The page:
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Hammond committee to learn about noise

HAMMOND – Volunteers from Hammond’s wind committee will get a three-hour crash course on measuring background noise today as Charles E. Ebbing, Grindstone Island, and Clifford J. Schneider, Cape Vincent, attempt to educate those in attendance on the nuances of measuring sound.

Mr. Ebbing, a retired engineer from Carrier Corp., and Mr. Schneider, a former fisheries biologist with the state Department of Environmental Conservation, have been asked by the wind committee to provide some guidance and instruction on using sound meters and methods of measurement, according to Mr. Ebbing.

“We’re not coming to do any official sound survey,” he said Tuesday. “We’re going to focus on what they would like to get out of this. Its about education and them arriving at the where, when, and what they want to measure.

“We hope to offer them what they need to find out first hand what their environment is,” Mr. Ebbing said.

Having spoken at several and actually presenting at least two meetings in Hammond over the past few years, Mr. Ebbing said he is aware of the factions that the possibilities of an industrial wind turbine project have caused in the town. At a recent wind committee meeting, he became the focal point during a presentation about background noise and was peppered with questions about accountability and professionalism from a couple members of the public.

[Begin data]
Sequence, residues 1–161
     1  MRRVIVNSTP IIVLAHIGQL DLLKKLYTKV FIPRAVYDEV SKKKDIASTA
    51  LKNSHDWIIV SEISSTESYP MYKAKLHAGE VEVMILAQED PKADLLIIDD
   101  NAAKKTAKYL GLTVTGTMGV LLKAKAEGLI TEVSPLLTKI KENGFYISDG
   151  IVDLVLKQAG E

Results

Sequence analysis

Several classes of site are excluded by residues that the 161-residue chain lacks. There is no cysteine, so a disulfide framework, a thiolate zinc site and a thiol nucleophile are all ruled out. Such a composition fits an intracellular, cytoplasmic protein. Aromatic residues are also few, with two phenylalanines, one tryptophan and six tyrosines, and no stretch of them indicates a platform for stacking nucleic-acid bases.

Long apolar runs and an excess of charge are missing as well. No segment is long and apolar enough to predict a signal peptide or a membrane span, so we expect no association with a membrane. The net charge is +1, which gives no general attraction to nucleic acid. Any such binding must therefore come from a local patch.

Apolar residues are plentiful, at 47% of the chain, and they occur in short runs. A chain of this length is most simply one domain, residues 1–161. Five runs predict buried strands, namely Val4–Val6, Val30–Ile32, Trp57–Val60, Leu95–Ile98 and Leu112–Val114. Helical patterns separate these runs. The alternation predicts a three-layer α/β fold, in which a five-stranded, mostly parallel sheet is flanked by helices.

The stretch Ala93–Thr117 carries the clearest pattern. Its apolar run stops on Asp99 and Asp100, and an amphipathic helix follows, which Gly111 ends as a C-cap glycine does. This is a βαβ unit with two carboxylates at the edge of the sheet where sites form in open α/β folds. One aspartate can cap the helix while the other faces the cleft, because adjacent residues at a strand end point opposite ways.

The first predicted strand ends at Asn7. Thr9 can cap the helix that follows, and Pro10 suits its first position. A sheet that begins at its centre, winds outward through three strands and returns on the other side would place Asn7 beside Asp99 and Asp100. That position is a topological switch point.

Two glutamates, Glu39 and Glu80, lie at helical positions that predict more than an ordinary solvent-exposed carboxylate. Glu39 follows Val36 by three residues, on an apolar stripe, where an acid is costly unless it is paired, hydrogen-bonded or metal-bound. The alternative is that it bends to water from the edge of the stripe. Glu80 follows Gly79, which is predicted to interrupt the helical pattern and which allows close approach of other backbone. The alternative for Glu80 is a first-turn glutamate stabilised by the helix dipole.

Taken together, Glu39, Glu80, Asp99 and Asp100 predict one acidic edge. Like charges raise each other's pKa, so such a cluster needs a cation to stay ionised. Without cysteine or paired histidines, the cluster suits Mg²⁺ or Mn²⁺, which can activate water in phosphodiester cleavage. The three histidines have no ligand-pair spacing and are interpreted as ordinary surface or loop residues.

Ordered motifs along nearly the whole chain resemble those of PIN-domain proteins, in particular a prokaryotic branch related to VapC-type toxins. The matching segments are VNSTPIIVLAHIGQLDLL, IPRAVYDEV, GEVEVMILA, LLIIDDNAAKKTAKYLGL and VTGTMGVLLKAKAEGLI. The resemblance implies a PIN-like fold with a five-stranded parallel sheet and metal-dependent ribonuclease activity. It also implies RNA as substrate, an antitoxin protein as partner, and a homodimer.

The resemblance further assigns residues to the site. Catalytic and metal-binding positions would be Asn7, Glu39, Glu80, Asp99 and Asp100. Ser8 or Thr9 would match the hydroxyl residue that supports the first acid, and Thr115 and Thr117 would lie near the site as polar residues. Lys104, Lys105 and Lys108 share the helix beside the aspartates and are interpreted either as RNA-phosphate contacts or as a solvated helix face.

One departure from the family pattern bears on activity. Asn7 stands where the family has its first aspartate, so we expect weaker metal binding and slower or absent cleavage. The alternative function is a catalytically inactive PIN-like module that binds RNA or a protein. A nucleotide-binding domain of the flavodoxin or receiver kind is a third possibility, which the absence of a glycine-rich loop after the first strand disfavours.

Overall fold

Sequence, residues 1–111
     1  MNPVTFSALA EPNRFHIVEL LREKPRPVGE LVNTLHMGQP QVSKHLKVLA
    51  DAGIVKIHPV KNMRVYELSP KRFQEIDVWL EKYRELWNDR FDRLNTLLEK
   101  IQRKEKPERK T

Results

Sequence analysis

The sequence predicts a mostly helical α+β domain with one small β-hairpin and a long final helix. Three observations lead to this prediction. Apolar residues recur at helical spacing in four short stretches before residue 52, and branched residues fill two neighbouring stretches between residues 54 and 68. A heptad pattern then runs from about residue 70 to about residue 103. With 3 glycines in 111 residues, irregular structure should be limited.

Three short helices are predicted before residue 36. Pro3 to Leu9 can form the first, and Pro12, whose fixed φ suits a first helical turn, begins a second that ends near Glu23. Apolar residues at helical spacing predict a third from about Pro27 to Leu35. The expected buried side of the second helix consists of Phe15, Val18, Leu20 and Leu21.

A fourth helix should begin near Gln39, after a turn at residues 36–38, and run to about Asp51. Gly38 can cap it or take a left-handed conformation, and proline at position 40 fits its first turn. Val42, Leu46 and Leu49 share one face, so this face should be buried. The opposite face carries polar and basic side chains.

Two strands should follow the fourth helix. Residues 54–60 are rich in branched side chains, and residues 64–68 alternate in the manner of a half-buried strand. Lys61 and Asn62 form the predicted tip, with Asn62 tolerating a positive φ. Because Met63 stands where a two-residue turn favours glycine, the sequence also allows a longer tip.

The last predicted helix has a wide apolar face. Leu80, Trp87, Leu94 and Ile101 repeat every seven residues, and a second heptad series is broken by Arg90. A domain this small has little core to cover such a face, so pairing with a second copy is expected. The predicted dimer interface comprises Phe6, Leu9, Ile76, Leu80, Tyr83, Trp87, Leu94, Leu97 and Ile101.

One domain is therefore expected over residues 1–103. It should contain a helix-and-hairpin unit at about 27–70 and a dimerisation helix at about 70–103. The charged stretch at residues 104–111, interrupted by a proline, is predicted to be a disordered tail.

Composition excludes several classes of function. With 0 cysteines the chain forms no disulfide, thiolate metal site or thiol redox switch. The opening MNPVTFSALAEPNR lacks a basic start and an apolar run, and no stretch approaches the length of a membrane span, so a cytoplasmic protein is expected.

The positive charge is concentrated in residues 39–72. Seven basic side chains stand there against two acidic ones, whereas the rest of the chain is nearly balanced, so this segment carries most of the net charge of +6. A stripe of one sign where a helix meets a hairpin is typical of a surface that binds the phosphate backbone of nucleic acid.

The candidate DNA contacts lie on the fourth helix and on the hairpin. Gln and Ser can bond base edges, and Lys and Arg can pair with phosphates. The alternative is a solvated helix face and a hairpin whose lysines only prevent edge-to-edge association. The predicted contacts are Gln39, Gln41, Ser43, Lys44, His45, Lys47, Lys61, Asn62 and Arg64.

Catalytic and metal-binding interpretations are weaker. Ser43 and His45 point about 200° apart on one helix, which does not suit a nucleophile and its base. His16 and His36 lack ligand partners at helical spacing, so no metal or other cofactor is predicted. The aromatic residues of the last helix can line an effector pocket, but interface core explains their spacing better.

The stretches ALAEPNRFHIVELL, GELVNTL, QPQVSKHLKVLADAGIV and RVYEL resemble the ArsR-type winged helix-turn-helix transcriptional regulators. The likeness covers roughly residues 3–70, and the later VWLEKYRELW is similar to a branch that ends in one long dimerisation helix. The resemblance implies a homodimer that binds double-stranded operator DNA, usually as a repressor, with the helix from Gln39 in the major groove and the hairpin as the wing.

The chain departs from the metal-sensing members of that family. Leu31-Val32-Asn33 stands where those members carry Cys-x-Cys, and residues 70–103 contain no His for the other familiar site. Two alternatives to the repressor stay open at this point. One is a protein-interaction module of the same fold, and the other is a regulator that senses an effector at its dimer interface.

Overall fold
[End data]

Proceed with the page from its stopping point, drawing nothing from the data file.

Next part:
“What I will tell them (on Thursday) is that it is significantly quieter in Hammond on those nights when there is no wind blowing at ground level,” Mr. Ebbing said. “The other thing we will talk about is the number of locations (to be measured).”

Mr. Ebbing said that most people don’t realize the intricacies and nuances of measuring background noise.

“Leaves shuttering are going to affect the background noise. Voluminous traffic will affect residual background. The number of people will affect background noise,” he said, adding that he will make an analogy up front, showing those in attendance satellite pictures of the earth at night and maps showing population density.

“People equals noise,” he said, “and in Jefferson, St. Lawrence, and surrounding counties, there are lower numbers of people. Less cars, less going on. Its significantly quieter here than most places across the United States.”

The point is, Mr. Ebbing said, when measuring background sound levels, those measuring for accurate data should focus on locations with “no noise.”

“Some folks have suggested 45 to 55 dBA (decibels) – noise levels you would expect in suburban areas. But that’s just not the case,” Mr. Ebbing said, suggesting that using sound meters has to be done right. “People need to wake up and smell the roses,” he said.

Mr. Ebbing said that MP3 files from “an actual noise study” done by “a friend of mine in the business” would also be available for volunteers to take advantage of. Contained on these files, he said, are “outtakes” or things that couldn’t be used in establishing the data because it was residual sound.

“Crows, dogs, traffic, people talking. All things that must be ignored,” he said. “You have to train your ear.”

Mr. Ebbing said he would spend about an hour teaching volunteers to actually use the sound meters – changing batteries, calibrating, and checking two meters at once to verify accuracy.